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Powell Professor Roger Powell and Dr. Tim Holland
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According to  Essential Science IndicatorsSM from Thomson Reuters, the paper, "An internally consistent thermodynamic data set for phases of petrological interest," (Holland TJB and Powell R, J. Metamorph. Geol. 16[3]: 309-43, May 1998), ranks at #6 among Geosciences Highly Cited Papers, with 911 citations.


The papers authors are Dr. Tim Holland and Professor Roger Powell. Dr. Holland is a Reader in Petrology in the Department of Earth Sciences at the University of Cambridge. Professor Powell is a Professorial Fellow in the School of Earth Sciences at the University of Melbourne.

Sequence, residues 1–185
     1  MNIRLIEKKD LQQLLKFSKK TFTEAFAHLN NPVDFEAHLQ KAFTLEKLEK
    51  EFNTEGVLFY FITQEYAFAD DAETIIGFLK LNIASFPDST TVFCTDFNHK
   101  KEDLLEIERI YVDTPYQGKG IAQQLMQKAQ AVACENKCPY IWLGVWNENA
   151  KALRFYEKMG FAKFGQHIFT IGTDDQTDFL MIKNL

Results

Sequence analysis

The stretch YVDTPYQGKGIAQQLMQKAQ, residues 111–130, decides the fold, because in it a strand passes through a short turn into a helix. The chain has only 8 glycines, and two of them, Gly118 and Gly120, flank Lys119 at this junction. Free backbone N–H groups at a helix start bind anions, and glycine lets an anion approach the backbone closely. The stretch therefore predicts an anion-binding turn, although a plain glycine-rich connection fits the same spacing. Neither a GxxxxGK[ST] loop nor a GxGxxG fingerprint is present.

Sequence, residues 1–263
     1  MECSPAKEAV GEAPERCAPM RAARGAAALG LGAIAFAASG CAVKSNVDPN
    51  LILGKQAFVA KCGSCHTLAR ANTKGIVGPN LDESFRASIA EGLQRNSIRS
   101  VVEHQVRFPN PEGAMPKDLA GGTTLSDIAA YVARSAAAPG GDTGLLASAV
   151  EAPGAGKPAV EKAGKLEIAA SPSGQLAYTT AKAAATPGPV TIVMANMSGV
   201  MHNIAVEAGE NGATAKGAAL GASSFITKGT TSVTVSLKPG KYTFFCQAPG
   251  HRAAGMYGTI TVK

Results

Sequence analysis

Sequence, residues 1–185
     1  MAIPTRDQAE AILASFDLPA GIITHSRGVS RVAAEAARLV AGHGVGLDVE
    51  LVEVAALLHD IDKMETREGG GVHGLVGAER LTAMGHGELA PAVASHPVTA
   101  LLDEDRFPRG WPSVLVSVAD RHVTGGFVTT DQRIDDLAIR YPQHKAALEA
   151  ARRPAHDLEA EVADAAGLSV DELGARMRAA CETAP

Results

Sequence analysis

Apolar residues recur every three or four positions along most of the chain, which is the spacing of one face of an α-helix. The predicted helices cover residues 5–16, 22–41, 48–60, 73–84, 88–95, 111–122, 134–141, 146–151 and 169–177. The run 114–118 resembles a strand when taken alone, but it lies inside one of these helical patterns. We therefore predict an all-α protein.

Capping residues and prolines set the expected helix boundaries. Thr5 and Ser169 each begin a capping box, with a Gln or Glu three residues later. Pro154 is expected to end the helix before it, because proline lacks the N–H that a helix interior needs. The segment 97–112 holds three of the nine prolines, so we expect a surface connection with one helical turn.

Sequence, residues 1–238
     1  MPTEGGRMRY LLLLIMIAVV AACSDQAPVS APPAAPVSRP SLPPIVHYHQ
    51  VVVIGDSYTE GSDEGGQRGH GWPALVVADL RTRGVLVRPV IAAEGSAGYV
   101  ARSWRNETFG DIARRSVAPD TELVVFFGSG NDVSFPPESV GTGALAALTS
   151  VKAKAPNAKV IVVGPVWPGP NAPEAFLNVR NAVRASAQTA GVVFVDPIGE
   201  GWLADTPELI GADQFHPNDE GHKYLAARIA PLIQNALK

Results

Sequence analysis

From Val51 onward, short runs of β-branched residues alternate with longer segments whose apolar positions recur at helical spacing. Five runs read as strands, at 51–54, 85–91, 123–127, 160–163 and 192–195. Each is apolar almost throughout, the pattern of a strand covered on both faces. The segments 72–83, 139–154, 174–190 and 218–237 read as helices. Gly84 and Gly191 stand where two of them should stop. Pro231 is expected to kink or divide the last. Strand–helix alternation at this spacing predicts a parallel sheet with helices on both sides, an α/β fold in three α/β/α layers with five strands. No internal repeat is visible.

In the interview below, talks with Professor Powell about this paper.

Would you please sum up your 1998 Journal of Metamorphic Geology paper, "An internally consistent thermodynamic data set for phases of petrological interest," for our readers?

First to say that the "I" here is Roger Powell, and I am speaking for both myself and my friend and collaborator, Tim Holland. The work, of which this is the most recent published part, is the result of more than 25 years of ongoing research collaboration, most of which has taken place around the world, with me at the University of Melbourne, Australia, and Tim at the University of Cambridge in the UK.

Dr. Tim Holland